Tell you what, though.  It might be harder and harder to find Western novels in the chain stores, but there are still plenty of great Westerns being written.  Publishers might be releasing fewer original titles and bookstores might be stocking the bare minimum, but the quality is higher than ever.  Head over to the Western Writers of America website and look around.  You’ll see what I mean.

There are a lot of great writers writing the West, which means that there’s also a lot to learn about writing from Westerns. 

This week I will be talking to a variety of writers who write the West.  The line-up includes Johnny D. Boggs, Thomas Cobb, Jane Candia Coleman, Russell Davis, Cameron Judd, Max McCoy, James Reasoner, Lucia St. Clair Robson, and Susan K. Salzer.  The interviews are short and to the point.  And the “point” is to get you re-evaluating the literature of the West in terms of what it can offer you, your writing and your creative life.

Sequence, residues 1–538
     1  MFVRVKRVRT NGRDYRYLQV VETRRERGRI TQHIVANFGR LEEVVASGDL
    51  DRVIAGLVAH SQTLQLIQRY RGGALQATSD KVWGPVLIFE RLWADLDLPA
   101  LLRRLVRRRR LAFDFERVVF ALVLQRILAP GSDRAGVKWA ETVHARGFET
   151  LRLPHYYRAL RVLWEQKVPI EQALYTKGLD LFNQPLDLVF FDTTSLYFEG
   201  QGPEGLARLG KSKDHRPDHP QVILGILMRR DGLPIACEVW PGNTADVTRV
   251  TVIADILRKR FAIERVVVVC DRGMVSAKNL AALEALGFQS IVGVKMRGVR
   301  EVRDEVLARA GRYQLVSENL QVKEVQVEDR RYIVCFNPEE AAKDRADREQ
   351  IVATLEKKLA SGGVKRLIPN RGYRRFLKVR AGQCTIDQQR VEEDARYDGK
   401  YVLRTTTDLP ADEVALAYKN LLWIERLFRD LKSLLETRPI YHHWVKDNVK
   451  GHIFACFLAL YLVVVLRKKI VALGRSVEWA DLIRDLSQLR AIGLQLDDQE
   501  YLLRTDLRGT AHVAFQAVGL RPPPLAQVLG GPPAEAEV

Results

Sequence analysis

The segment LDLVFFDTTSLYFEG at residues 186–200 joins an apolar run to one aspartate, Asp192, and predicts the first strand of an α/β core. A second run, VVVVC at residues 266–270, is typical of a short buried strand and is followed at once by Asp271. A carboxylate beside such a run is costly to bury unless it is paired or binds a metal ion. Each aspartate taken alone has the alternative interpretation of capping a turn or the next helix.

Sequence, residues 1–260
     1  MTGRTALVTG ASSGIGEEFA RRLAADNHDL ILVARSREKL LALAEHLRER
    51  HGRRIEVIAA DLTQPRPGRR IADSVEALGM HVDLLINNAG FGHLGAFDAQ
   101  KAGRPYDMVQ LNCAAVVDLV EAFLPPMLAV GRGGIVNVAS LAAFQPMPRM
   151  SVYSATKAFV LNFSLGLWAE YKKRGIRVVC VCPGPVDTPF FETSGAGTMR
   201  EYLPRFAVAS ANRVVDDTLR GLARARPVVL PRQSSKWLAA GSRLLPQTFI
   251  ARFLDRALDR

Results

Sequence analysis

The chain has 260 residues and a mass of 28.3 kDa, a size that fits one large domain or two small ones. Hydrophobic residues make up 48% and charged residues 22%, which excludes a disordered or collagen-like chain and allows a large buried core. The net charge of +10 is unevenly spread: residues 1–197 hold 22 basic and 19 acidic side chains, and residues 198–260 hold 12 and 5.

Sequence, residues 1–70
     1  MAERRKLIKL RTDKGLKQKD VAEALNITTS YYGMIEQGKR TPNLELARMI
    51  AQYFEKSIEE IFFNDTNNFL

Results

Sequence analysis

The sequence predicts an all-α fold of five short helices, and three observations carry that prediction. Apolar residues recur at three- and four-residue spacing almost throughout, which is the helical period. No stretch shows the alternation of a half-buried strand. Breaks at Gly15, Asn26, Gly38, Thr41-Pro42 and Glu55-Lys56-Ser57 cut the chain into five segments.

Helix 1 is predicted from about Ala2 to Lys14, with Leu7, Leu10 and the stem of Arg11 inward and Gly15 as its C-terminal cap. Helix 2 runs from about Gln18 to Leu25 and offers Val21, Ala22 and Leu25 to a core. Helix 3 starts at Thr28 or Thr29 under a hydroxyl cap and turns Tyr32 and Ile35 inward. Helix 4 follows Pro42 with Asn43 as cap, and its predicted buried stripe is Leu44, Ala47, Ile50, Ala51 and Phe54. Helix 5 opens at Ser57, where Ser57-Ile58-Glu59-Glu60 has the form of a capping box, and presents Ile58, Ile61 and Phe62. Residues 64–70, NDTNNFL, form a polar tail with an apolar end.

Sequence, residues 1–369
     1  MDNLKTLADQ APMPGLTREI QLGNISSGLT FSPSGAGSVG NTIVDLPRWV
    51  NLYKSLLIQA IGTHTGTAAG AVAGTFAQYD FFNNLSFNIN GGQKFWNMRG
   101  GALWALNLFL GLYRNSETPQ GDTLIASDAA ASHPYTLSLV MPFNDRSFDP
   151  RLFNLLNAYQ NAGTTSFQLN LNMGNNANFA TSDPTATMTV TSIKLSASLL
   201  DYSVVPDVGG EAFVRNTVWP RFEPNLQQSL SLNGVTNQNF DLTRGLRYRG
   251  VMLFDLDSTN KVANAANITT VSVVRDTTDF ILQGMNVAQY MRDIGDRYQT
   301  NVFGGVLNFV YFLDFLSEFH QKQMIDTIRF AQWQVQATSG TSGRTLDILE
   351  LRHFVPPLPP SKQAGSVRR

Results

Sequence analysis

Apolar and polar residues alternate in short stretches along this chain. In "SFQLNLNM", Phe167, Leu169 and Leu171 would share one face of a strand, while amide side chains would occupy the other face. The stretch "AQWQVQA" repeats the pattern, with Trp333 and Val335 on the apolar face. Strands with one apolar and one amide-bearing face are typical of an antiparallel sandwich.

* This sentence originally read: “Eastwood’s one-liners sizzled like burning fuses into my cerebral cortex where they exploded in the still forming language centers of my brain.”  I cut it because it struck me as laughably over-wrought.  It also struck me as ironic to over-write a sentence when talking about the influence of the ever-laconic Eastwood.

** My favorite last stand novel is David Gemmell’s Legend.  Gemmell, a British fantasy novelist, cites Louis L’Amour as an important influence on his writing, especially L’Amour’s ability to capture a character in just a few sentences.


Jeremy L. C. Jones is a freelance writer, editor, and part-time professor.  Jones is a frequent contributor to Clarkesworld Magazine.  He is also the director of Shared Worlds, a creative writing and world-building camp for teenagers that he and Jeff VanderMeer designed in 2006.